The battle for supremacy in the review score aggregation market is heating up as OpenCritic criticise MetaCritic’s translation policy.

According to OpenCritic, MetaCritic has put in place an exclusivity policy over quotes translated from a foreign language into English. The discovery has prompted OpenCritic to release a public statement which says that the policy is a “clear abuse of industry power”.

The statement reads:

This last December, OpenCritic opened up to international publications and removed the English-only requirement. Already, over a dozen non-English publications and contributors have joined. One key condition that both Metacritic and OpenCritic share is that publications must provide a quote from their review translated into English. To be clear, it is the publication that does the translation, not the aggregator.

As a response to our expansion to more languages, it seems Metacritic has created a rule for publications looking to join: translations given to Metacritic are exclusive to Metacritic.

On one hand, we’re excited: the timing would indicate that Metacritic is feeling uneasy with our recent progress. However, we strongly believe translation exclusivity is anti-industry and want to raise awareness about its implications.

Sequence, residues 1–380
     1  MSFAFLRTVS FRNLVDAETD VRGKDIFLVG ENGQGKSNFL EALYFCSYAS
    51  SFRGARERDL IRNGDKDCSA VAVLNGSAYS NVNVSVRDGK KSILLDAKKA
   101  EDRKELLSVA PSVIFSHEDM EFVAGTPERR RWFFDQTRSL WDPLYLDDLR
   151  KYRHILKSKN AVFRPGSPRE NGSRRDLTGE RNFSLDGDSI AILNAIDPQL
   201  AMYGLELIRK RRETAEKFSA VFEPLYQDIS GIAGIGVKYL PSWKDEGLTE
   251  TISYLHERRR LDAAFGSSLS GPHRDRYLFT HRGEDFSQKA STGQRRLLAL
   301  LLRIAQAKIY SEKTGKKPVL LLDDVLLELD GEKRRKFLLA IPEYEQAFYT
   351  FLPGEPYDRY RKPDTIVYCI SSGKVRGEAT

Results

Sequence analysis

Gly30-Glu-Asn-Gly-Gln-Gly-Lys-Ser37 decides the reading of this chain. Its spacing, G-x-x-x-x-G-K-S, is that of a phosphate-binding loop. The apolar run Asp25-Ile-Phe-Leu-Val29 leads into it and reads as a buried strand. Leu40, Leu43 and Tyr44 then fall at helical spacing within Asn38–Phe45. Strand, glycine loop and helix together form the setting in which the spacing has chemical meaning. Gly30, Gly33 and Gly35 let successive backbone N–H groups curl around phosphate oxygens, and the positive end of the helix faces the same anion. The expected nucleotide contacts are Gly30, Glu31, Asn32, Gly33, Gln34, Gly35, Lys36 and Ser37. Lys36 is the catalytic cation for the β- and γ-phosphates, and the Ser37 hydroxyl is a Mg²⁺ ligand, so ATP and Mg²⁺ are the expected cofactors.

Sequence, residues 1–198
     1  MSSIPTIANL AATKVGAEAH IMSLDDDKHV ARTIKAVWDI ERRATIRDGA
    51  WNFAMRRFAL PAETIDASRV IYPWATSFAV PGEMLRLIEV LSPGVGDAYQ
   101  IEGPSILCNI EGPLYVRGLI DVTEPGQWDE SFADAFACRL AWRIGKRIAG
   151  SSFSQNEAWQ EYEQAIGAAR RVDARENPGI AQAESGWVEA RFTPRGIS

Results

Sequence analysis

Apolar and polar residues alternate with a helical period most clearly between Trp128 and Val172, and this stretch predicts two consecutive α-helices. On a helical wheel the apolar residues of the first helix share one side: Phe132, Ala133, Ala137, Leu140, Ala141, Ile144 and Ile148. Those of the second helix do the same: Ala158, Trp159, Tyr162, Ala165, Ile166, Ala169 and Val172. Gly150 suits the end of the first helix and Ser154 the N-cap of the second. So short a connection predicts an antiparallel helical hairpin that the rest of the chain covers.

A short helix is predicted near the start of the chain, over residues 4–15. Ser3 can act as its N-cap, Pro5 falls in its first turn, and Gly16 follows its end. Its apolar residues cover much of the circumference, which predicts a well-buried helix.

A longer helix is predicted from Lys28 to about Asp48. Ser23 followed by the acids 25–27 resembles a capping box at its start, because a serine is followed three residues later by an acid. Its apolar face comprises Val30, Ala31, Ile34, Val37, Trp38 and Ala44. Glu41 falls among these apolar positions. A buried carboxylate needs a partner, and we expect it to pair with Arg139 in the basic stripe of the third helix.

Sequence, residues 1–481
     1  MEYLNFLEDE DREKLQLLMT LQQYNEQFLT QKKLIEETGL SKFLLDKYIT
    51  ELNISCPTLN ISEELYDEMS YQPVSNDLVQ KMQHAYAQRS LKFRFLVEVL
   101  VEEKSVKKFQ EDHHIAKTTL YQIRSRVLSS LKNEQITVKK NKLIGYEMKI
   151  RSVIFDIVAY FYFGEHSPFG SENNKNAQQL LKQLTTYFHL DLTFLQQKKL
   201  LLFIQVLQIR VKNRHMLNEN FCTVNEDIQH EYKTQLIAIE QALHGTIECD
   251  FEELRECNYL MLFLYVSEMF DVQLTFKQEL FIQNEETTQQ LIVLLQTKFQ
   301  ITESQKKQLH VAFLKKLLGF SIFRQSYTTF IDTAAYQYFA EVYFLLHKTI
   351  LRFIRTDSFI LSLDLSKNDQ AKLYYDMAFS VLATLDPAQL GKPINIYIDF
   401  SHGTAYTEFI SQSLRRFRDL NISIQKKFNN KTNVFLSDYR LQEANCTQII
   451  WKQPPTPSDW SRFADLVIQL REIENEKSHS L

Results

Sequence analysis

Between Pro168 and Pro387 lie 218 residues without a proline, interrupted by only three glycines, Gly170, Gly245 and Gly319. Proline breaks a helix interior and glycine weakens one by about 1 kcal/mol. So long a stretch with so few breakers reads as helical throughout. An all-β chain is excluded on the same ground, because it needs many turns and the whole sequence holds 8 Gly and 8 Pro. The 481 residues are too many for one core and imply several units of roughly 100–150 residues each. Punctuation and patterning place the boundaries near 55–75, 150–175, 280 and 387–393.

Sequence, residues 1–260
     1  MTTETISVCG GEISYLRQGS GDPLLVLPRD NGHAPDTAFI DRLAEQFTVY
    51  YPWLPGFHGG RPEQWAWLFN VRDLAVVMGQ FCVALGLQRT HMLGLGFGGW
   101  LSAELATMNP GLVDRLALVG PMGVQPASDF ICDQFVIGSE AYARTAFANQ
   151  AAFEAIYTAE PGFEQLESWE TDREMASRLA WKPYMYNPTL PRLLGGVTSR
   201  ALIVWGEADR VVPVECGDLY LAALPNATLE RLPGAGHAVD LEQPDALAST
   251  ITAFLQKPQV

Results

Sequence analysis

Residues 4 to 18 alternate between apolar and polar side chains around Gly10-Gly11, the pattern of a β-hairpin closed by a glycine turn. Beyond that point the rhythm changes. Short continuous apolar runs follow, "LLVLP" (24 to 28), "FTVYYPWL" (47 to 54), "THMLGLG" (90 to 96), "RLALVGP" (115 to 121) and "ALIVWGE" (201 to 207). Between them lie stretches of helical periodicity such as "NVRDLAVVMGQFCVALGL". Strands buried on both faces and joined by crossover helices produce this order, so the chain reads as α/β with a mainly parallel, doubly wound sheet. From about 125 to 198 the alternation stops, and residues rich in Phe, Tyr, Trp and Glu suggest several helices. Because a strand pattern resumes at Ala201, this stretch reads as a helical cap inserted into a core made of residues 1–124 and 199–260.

Asking for English quotations is already a significant demand. Many of these publications, especially up-and-coming ones, operate at a loss while trying to expand their reach. This requirement effectively mandates that these publications to pay engineers to alter their CMS in order to support their aggregation. The results are thesespecial pages which have traditionally been open to the public and are what Metacritic and OpenCritic scrape to aggregate non-English quotes and reviews.

Insisting that these translations and this technology be exclusive to Metacritic is a clear abuse of industry power. We believe it’s a deliberate attempt to slow OpenCritic’s progress by requiring publications to maintain two sets of translated quotations: one for Metacritic, and one for the public. We think it’s wrong to force these extra development and localization costs onto publications.

Being listed on Metacritic comes with significant brand visibility and SEO benefits. It also creates a sense of legitimacy among game publishers. With such a dominant position in games media, we are inclined to ask “Who does this policy help other than Metacritic?”

We believe that a translated snippet written by the publication and put into a CMS created by the publication should be owned by the publication. And publications should be allowed to freely promote these translation listing pages in order to broaden their audience and solidify their domain authority.

The idea of exclusivity on translated text is quite absurd and hopefully this can be worked out. Any text created by a publication is owned by the publication. However, some foreign language sites may find themselves excluded from MetaCritic if this policy is enforced.

Paul Younger
Founder and Editor of PC Invasion. Founder of the world's first gaming cafe and Veteran PC gamer of over 22 years.

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